Myths and Facts About Your Immune System

Your immune system helps guard your body from germs, viruses, and other threats. What you do every day can help, or hamper, your immune system.

What works and what doesn't? How can you keep your immune system in top shape? Let's separate myth from fact.

Fact: Lasting stress is bad for you.

Ongoing stress, such as being in a difficult relationship, living with a chronic disease, or being a caregiver, can take its toll on your immune system. Over time, it can make you more vulnerable to illnesses, from colds and flu to chronic diseases such as diabetes and heart disease. Chronic stress seems to age the immune system, studies show, making you more likely to get a cold or the flu, and to develop diabetes and heart disease.

Everyone goes through stress. What matters is how you handle it. Getting better at managing stress can help. Even something as simple as deep breathing can lessen the effects of stress. Or try other relaxation techniques, such as:

Counseling can make a big difference, too.

Myth: Getting a flu shot weakens your immune system and makes you more likely to get the flu.

Totally untrue. Getting a flu vaccine prepares your immune system for the flu.

A flu vaccine teaches your immune system to recognize that virus as a threat. While some people may still get the flu after having a flu shot, they'll probably have a milder form of the illness. That's because antibodies made in response to the vaccine can still provide some protection.

So why do some people swear a flu vaccine gave them the flu? Some may mistake the occasional, short-lived side effects of the vaccine (slight fever, aches) for flu symptoms. And the time of year people are most likely to get the vaccine is when colds and other respiratory illnesses are common. If you get the vaccine and then get sick with an unrelated bug, you may assume, incorrectly, that the vaccine caused the illness.

Fact: What you eat affects your immune system.

While no single food will upgrade your immune system, poor nutrition can have a negative effect on the immune system. What counts is having a balanced diet.

Just about everyone could stand to eat more fruits and vegetables. They're rich in vitamins and minerals that are good for you. If you’re thinking about getting supplements to cover your nutritional needs, check with your doctor or a dietitian. Chances are, you’re getting what you need from food, unless you're on a strict diet, are pregnant, or have certain medical conditions.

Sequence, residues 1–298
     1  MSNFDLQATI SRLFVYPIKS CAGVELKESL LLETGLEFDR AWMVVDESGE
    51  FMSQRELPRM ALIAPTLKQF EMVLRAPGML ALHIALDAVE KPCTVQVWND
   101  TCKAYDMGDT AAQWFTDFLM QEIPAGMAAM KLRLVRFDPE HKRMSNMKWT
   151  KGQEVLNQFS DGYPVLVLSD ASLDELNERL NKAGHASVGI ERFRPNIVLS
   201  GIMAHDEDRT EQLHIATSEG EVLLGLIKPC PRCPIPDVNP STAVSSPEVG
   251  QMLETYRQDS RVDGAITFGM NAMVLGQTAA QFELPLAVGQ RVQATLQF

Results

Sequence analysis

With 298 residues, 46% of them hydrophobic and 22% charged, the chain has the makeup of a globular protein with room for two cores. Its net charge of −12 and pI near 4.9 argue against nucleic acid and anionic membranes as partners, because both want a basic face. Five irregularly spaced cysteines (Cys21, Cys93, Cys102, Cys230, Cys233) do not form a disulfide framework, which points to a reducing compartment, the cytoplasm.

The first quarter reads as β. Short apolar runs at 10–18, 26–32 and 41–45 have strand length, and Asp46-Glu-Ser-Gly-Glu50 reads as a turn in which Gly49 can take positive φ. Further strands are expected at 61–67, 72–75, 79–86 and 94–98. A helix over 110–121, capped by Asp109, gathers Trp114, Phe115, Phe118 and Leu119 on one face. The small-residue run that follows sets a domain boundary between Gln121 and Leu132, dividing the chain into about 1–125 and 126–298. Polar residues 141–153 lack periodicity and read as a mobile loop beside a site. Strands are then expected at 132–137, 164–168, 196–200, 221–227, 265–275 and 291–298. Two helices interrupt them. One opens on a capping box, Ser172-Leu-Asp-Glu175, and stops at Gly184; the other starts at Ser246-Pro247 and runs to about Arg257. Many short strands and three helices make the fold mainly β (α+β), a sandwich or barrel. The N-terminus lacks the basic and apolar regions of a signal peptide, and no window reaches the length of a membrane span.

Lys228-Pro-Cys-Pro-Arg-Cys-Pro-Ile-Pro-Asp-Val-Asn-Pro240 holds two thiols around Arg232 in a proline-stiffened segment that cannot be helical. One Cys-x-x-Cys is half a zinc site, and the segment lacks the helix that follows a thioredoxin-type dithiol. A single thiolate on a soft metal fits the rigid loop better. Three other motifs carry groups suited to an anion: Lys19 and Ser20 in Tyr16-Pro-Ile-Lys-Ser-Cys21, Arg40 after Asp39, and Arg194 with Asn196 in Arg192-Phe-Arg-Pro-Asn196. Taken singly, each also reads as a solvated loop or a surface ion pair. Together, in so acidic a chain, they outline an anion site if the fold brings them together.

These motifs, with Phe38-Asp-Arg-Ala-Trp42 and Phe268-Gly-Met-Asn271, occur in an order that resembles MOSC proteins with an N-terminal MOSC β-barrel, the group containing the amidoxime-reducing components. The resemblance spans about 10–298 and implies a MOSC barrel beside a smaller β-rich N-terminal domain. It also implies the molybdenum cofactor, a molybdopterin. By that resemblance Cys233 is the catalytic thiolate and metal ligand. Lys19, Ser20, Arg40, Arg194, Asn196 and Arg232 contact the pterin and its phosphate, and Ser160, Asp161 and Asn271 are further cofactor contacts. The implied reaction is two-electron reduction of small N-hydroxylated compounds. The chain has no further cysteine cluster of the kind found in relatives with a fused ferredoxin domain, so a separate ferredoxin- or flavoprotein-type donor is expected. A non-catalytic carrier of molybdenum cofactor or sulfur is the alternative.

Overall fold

Fact: Your immune system probably gets weaker as you grow older.

As you age, your body has a harder time fighting off infections. Older adults are more likely to get sick from infections. And those infections, especially flu and pneumonia, are more likely to be fatal, compared with younger people.

Why it happens isn't clear. It may be about your immune system slowing down. Or it could be partly linked to nutrition, since seniors often eat less and don't always get the nutrients they need to keep their immune systems strong. So eat lots of fruits and vegetables. They're good for you at any age.

Myth: Running a fever when you're sick weakens your immune system.

A fever can help your immune system fight infections in two ways. A higher temperature in the body speeds up the functioning of cells, including the ones that fight illness. They can respond to invading germs faster. Also, higher body temperatures make it harder for bacteria and viruses to thrive in the body.

If you've had a fever for more than several days, a high fever, or if you have a fever and other symptoms like severe vomiting, diarrhea, earache, or cough, call your doctor.


Always call a doctor for any fever in infants three months of age or younger. Also see your doctor if a child under age 3 has a fever above 102 F or if they have a fever for more than a day or two.

People with a suppressed immune system, such as those with HIV, those who've had an organ transplant, those who are taking chemotherapy, or those who have any other medical conditions such as diabetes and heart disease, should also give the doctor a call.

Fact: Seasonal allergies are caused by an abnormal response by the immune system.

Allergy symptoms happen when your immune system reacts to something harmless, like pollen, pet dander, or mold. Your body sees the allergen as an invader and attacks it, giving you a runny nose and itchy eyes.

People can inherit a tendency toward allergies; if you have allergies, your children have a greater chance of also having allergies, although they may be allergic to different things.

Allergies are treated by avoiding your allergy triggers and taking medication to control symptoms. For some people, allergy shots may be an option. Over a period of time, usually several years, allergy shots may help your immune system get used to the allergen, so that it doesn't produce the bothersome allergy symptoms.

WebMD Medical Reference Reviewed by Carol DerSarkissian on January 15, 2020



Glasser, R. Nature Reviews: Immunology, March 2005.

WebMD Feature: "Top 12 Flu Myths."

WebMD Medical Reference in Collaboration with Cleveland Clinic: "Allergy Shots."

WebMD Health News: "Cautious Optimism Over Cancer Vaccine."

Brigham and Women's Hospital: "Drinking Tea May Boost Immune System." "When Your Infant or Child Has a Fever."

The Cleveland Clinic: "Diet, Exercise, Stress and the Immune System."

Harvard Health Report: "The Truth About Your Immune System."

Rowe, C. Journal of the American College of Nutrition, October 2007.

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